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A Dream Deferred | The Nation

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A Dream Deferred

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Martin Luther King Jr., in a January 19, 1968, speech at Kansas State University titled "The Future of Integration," looked back at the Supreme Court's Brown v. Board of Education decision on May 17, 1954, as "the psychological turning point, where people by the thousands began to act." These people created mass movements to implement the decision, but they also went far beyond it. Broad visions of a just society, not simply a quest to sit beside white students in classrooms or in other public facilities, animated the tidal wave of protests that followed Brown.

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Michael Honey
Michael Honey holds the Harry Bridges Endowed Chair of Labor Studies at the University of Washington and teaches at the...

As one of the major spokespersons for integration, King defined it as "genuine intergroup and interpersonal living" in a just society. By the end of his life, King had moved on to fighting for what he called a "planetary movement" to create a world free of hunger, poverty, war and racial-economic injustice. To think that the Brown decision or even the passage of the Civil Rights Act in 1964 and the Voting Rights Act in 1965 could solve the problem of racial discrimination, King said in Kansas, would be "an illusion wrapped in superficiality." In an attempt to implement his larger vision of equality, King tried to organize a multiclass coalition he called the Poor People's Campaign. He died supporting a strike for the right of the black working poor to join a union in Memphis, Tennessee, on April 4, 1968.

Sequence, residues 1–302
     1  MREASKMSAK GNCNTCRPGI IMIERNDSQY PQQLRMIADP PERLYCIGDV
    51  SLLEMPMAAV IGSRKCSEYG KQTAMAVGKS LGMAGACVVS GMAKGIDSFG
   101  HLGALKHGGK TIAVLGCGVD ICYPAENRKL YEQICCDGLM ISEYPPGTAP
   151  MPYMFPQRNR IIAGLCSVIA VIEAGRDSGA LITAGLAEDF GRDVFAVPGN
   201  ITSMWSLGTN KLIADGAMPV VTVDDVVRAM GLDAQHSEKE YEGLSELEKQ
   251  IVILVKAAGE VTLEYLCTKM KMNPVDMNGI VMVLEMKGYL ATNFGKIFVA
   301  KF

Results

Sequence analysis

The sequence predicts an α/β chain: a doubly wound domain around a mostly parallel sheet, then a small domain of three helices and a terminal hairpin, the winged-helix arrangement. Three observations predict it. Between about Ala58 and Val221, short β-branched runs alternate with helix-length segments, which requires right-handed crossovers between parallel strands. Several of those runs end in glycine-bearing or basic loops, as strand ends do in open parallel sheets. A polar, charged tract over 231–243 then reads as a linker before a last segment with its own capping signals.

Ultimately, King said, achieving equality requires not only full civil rights but also labor rights and social and economic justice. To measure the distance we have traveled or not traveled since the Brown decision from this perspective, it helps to do some re-visioning of the past from the viewpoint of black workers. As a starting place, it is crucial to remember that Brown was as much the product as the precipitator of mass movements. Yes, the decision resulted from the incredibly hard-working and astute battle led by Charles Houston, Thurgood Marshall and others in the NAACP. But it also resulted from mass movements and a vast shift in status among poor and working-class African-Americans, millions of whom moved out of rural areas and into cities and mass-production industries in the 1930s and '40s. They created an expanding membership base for the Congress of Industrial Organizations (CIO), the NAACP and an American left that challenged segregation at every level. Domestic workers, sharecroppers, day laborers, factory workers and other poor people, especially the women among them, organized economic boycotts, picket lines, marches, sit-ins, strikes, church and community groups, unions, consumer cooperatives and mass meetings. Their role as workers, soldiers and activists in the fight against white supremacy at home and fascism abroad created vast social changes that set the stage for Brown.